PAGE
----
Is It Time To Euthanise My Dog Quiz

One of the key things to consider when deciding on whether to euthanise your dog is their age. The average life span of a dog is 10-13 years. Not long after many senior dogs get past this stage in their lives, old age brings with it  When dogs are at this stage in their lives, many questions arise in the mind of a pet owner. The older they get, the weaker they can also get physically.

Some dogs also pick up a number of ailments. While others get injured, and some just pass due to loneliness. There are many factors that lead to the end of their life. When your pet is passing through any of these stages many questions comes in your mind.

As suggested, there are a wide number of reasons why many dog owners are forced to consider the possibility of having to euthanise their dog.

A few of the more common reasons include the following:

  • Rabies: No cure, so euthanasia is the only option.
  • Traumatic Accident
  • Cancer
  • Kidney Failure
  • Severe Dog Incontinence
  • Old age
  • Genetic disease

Incurable dog diseases

There are many dog diseases that if not dealt with immediately, can become incurable like diabetes, arthritis, cancer etc.

Has your dog stopped eating food?

Dogs stop eating when they are in suffering from diseases like kidney failure, cancer, infections or when they are in pain due to any problem. If this problem becomes severe and uncontrollable then you can opt for euthanasia.

Sometimes when a dog changes place and surrounding or if your vet changes its food then it is okay. So as soon as you have an opportunity, discuss this with your vet. Do not put off visiting the vet sooner rather than later. If your dog has stopped eating, the underlying problems may be treatable – and early treatment reduces suffering.

Is Your Dog Unable to Stand on its own

If your dog stops eating, eventually its weight will decrease. He loses his appetite and its energy level decrease. He will be unable to move, walk and lift up. This is a very critical situation and pet owners can sometimes be left with no other option but to peacefully end his pet life.

My Dog Is Peeing Frequently

Dogs pee a lot when they get old, some due to spay incontinence, urinary tract infection and diabetes. If this is the case you must refer to your vet for proper treatment. But if it is due to weather change or just from being anxious in a new home, then these are conditions that are expected to change over time.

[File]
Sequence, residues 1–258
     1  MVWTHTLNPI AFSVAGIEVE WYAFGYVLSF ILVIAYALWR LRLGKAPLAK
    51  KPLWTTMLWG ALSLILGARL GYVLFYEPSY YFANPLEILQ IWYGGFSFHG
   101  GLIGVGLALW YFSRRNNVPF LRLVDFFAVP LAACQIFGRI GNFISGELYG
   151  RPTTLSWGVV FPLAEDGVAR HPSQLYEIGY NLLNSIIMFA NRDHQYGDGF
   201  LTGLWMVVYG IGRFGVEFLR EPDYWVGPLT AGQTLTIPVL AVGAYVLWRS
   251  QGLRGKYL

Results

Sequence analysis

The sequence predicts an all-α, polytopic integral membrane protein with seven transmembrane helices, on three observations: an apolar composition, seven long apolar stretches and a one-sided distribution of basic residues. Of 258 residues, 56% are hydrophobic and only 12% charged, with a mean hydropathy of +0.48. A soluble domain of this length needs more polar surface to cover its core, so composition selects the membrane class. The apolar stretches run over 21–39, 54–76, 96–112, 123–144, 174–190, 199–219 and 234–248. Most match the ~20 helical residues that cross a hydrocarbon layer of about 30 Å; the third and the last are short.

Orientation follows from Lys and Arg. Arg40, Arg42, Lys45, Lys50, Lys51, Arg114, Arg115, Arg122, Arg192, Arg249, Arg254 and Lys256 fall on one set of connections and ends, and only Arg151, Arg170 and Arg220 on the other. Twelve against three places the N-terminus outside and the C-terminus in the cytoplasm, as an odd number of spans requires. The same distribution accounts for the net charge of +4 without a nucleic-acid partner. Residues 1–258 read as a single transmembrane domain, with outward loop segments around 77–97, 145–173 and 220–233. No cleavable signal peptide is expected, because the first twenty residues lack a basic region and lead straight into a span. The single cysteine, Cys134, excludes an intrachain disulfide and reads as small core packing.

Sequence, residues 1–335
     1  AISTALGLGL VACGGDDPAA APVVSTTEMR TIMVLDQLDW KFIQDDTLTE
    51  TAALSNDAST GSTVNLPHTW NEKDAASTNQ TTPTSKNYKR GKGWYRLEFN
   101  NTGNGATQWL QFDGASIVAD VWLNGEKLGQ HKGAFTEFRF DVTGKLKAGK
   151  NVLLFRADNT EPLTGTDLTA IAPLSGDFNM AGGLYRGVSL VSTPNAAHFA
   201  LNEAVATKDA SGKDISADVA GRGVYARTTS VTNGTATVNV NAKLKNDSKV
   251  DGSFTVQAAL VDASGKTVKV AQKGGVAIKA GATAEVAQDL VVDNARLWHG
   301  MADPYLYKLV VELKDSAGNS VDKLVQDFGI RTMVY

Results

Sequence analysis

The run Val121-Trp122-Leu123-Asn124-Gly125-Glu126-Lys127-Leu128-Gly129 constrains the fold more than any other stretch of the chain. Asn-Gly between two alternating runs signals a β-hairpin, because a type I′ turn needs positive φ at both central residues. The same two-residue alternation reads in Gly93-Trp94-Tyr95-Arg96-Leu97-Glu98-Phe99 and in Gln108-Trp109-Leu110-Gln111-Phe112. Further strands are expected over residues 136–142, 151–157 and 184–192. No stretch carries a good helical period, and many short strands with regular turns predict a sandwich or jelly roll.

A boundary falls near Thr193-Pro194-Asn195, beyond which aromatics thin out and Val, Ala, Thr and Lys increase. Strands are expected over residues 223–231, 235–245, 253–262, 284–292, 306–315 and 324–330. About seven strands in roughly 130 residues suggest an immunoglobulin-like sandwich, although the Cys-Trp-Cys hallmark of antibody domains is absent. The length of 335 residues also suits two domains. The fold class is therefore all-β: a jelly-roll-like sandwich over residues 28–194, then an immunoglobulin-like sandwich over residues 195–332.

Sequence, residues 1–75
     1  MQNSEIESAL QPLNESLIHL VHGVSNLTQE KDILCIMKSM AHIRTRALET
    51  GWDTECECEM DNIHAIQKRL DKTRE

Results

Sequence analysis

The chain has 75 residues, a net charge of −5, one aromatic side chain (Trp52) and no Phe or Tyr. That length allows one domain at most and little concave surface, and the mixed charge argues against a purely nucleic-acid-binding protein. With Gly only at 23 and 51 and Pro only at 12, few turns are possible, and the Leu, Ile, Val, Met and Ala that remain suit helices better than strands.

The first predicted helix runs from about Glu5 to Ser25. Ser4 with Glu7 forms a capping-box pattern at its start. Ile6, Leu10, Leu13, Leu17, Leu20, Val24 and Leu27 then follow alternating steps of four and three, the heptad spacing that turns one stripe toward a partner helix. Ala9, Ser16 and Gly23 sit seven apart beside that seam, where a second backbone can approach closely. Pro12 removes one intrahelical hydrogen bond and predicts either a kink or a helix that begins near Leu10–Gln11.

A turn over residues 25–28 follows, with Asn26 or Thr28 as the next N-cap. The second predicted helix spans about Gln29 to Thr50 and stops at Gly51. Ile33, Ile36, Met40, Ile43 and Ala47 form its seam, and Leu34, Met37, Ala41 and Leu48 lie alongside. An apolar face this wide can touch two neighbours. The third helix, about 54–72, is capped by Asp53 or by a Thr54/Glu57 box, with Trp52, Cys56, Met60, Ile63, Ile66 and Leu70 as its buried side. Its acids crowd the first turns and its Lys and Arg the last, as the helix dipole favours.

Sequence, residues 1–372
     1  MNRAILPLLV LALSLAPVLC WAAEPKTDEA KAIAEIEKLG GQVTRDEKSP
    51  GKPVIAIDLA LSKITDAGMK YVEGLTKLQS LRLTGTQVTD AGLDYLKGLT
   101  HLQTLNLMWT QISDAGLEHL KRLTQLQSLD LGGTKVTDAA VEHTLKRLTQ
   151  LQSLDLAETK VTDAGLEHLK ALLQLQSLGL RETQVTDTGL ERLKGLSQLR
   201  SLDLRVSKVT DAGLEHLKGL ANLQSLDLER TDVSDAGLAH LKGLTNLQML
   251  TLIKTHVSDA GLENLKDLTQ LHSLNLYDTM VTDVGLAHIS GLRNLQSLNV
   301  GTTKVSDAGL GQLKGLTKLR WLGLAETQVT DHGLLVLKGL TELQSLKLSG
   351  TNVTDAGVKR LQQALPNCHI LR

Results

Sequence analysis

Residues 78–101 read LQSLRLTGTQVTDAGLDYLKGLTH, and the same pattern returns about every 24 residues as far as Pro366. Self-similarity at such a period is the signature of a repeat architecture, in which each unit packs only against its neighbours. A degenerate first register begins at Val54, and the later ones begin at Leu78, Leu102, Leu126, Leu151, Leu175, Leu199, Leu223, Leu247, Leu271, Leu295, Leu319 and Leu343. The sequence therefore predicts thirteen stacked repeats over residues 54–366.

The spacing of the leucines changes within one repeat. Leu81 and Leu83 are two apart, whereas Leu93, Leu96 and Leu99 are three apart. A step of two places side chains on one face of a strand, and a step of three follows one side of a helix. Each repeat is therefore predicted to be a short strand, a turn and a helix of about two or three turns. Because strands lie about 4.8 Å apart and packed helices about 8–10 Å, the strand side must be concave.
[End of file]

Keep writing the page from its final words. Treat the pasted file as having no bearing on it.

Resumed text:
When an Owner Can’t Afford to Own a Dog

Many dog parents take on dog ownership without considering the ongoing costs that come with it. When an owner does not have enough sources to feed their dog or able to cover treatment at the vet, euthanising might to mind.

This is however an extreme option to consider. There are many prospective dog owners who are willing to take on dog ownership alongside all the joys that come with it. There are many solutions and  contacting the RSPCA or popular dog shelters should be the first calls to make.

To Give Away Your Dog

There are many charities that provide for the health care of dogs. Contacting dog charities should be a priority when considering giving away your dog. Very often, dog charities are able to take your dog in and rehouse them.

Click here to see a comprehensive list of UK dog charities.

Old Age

It is obvious that your dog will get old one day. And by age, many weaknesses in the body will appear no matter how much care you give to your dog.

Sometimes, while it is obvious your dog is in pain, it may not be linked to its   old age. There is a chance that your dog is in pain if there has been a change in behaviour, a sudden change in home/location or a loss of appetite.

It may also be a sign if your dog just appears constantly restless or is unable to get comfortable, or is sitting or lying in an abnormal position, or if your dog seems tense or withdrawn, or has lost enthusiasm for life.

These are all symptoms that can be discussed with your vet. All of these signs can be attributed o old age or  caused by problems other than pain.

Some ‘Should I Euthanise My Dog‘ Questions To Ask

Try to put yourself in your dog’s position when contemplating whether to go down the euthanise procedure or not.

  • If you had a terminal disease and were in constant pain, would you want to continue that life?
  • Would you want to be alive if you could no longer do the things you enjoyed?
  • Do good and happy days outnumber painful and sad days?
  • Does your dog still like to eat?
  • What type of life would you have if you couldn’t control your bowel movements or walk?
  • Would you want to go through painful surgeries and try to recover when your body is already about to give out?